The actual numbers of cases and deaths will not be known. It is thought that there is significant under-reporting of cases and deaths in many countries, either for political reasons, lack of capacity, or even denial.
Some countries report anyone who dies with Covid-19 as a death from the virus even if it is not the direct cause. Deaths at home are less likely to be counted than that in hospitals in many countries, even developed ones.
Mike Ryan, the World Health Organization (“WHO”) emergencies expert, stated: “If anything, the numbers currently reported probably represent an underestimate of those individuals who have either contracted Covid-19 or died as a cause of it…When you count anything, you can’t count it perfectly but I can assure you that the current numbers are likely an underestimate of the true toll of Covid.”
What the numbers tell is that many have been infected and died from Covid-19, and many lives have been cut short.
The assessment of excess mortality data would come much later when the data could be collected and analysed, months and years, after the acute phase of the pandemic have ended. When data about cause-specific deaths are available, the numbers can be unravelled.
A study published in July 2020, “Magnitude, demographics and dynamics of the impact of the first phase of the Covid-19 pandemic on all-cause mortality in 17 industrialised countries“, estimated 202,900 excess deaths in 17 countries between mid-February and the end of May, mostly in England, Wales, Italy and Spain. The confirmed global number over the same period was less than 100,000 deaths.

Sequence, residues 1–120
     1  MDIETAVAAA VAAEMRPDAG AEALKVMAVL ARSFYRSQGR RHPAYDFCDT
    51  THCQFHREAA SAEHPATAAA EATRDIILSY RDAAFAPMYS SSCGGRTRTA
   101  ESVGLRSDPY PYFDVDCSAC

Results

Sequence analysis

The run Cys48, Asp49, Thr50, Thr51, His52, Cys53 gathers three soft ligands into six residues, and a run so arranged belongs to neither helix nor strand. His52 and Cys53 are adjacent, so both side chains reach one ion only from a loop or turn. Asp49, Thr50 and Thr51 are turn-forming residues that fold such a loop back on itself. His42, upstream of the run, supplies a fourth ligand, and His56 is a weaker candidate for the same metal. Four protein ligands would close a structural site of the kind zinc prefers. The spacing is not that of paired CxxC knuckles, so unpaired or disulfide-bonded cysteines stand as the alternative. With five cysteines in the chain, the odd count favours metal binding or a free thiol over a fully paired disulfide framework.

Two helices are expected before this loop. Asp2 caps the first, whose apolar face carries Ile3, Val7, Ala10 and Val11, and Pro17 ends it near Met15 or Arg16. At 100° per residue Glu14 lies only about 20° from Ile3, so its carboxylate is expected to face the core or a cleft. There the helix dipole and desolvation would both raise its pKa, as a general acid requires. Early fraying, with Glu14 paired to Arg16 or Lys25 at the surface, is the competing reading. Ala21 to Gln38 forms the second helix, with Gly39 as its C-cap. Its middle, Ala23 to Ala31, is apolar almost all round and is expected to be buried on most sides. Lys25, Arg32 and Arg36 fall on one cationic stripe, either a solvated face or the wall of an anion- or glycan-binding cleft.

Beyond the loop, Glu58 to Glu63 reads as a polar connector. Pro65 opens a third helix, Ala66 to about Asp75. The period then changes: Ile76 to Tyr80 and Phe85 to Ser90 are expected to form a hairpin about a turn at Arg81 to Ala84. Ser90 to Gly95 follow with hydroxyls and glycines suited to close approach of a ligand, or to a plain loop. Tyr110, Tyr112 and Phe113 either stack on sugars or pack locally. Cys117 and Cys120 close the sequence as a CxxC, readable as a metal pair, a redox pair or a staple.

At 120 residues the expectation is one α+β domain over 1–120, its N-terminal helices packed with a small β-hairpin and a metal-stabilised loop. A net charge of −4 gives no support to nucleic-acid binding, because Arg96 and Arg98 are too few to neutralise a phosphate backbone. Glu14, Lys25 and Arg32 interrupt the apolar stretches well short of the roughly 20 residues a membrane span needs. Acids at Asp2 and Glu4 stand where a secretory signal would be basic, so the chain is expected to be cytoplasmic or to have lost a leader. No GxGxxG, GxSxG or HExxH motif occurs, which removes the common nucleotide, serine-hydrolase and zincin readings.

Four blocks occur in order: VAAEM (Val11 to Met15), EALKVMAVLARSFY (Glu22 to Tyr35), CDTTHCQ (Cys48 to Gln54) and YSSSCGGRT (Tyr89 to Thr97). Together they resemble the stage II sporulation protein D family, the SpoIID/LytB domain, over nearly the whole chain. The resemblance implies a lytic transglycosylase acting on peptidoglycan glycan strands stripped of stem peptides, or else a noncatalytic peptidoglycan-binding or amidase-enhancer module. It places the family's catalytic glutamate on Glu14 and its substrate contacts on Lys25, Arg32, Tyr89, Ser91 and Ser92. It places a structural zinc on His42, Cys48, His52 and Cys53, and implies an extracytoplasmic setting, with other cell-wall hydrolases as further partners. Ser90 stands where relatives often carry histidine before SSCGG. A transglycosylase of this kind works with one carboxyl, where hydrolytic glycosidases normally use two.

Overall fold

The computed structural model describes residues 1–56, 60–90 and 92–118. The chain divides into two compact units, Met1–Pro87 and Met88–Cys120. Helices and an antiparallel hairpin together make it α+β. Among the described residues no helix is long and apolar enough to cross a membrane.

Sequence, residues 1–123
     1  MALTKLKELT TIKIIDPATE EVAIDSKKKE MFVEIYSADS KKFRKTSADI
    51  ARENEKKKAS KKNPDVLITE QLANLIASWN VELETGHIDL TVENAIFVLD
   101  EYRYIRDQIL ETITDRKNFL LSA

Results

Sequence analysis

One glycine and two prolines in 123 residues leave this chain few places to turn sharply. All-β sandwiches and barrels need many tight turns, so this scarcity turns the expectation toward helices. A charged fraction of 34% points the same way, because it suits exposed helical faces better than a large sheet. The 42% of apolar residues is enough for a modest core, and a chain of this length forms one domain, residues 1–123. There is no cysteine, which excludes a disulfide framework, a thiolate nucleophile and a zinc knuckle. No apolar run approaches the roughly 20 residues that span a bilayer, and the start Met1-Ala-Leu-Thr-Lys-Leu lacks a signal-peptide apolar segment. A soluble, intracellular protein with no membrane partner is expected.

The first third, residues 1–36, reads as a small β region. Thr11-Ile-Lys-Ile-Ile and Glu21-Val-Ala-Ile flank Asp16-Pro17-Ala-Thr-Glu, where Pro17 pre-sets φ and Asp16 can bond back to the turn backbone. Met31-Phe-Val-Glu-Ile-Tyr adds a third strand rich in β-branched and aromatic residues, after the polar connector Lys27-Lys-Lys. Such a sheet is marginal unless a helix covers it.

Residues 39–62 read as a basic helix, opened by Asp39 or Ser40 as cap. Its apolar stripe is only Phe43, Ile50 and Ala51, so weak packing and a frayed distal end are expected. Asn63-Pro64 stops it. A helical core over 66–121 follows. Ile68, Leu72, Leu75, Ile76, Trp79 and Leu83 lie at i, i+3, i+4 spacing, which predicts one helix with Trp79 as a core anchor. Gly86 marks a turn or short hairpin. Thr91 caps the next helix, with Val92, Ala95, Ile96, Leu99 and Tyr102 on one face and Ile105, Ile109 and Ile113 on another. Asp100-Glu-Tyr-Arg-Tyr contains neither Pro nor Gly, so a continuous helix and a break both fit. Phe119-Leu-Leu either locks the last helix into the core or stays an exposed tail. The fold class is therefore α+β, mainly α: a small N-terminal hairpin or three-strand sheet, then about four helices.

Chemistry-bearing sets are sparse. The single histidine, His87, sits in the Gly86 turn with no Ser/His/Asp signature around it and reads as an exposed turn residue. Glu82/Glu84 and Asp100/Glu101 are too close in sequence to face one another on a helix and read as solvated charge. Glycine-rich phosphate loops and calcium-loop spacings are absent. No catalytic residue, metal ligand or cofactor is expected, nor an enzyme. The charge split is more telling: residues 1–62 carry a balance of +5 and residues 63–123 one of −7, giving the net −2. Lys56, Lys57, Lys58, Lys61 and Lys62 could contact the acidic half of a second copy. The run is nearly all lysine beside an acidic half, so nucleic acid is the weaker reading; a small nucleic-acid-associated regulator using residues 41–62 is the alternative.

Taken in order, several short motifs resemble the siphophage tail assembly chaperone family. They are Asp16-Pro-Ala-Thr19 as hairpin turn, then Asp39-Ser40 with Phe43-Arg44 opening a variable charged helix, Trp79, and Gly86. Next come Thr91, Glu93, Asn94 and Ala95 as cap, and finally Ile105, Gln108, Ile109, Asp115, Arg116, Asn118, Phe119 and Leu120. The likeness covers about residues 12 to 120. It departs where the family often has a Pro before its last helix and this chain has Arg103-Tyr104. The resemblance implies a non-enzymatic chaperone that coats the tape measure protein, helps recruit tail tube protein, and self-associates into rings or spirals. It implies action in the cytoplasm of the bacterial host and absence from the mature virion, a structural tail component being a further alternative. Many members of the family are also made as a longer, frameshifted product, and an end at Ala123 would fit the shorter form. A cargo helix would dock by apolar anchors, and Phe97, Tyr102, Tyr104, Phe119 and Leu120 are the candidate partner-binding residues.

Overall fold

Although the data on the reported deaths are less than perfect, the picture is that of a pandemic that has escalated at an astounding speed since February 2020 and has yet to slow down.
The impact on the living is no less astounding with economic recessions, lockdowns, increased inequity, adverse impacts on individuals’ physical and mental health and stresses on health care systems. The cracks in the social fabrics of many societies have been laid bare.
Whilst the numbers in Malaysia were controlled in the past six months, it has surged in the past 10 days or so (Table IV).
Figure 1 – Daily New Cases
Figure 2 – Active cases
The 2,936 active cases on 6 October has exceeded the 2,596 cases on 5 April. The trajectories of the number of the new and active cases daily is obvious from Figures 1 and 2 above.
What is driving the surge? What does the data show? Have the breaches, exemptions and/ or relaxations of the SOPs contributed to the surge? Frank answers are needed from the Health Ministry.
The initial containment was achieved through the tremendous efforts of the public with healthcare staff and other frontline personnel playing pivotal roles.
The Health Minister stated on World Patient Safety Day on 17 September 2020 that more than 600 health care staff had been infected by the virus since February 2020, with 406 in the Health Ministry and the rest in private and university health care facilities. He stated that among the concerns raised by the Health Ministry staff were stress from being away from family, having to comply with strict standard operating procedures (SOPs), exhaustion and issues concerning the Covid-19 special allowance.
In general, the public have complied with the SOPs instituted since the Movement Control Order (“MCO”) came into force on 18 March 2020. There were unsubstantiated claims that complacency and fatigue have set in after more than 200 days of the MCO.
The public are constantly reminded by the authorities to comply with the SOPs. The punishments for non-compliance have varied from fines to imprisonment. However, some of the punishments have been disproportionate. Some were fined and some jailed for varying terms.
There is an impression that there are differing standards in the enforcement and punishment for non-compliance with SOPs – even between a Minister and Deputy Minister.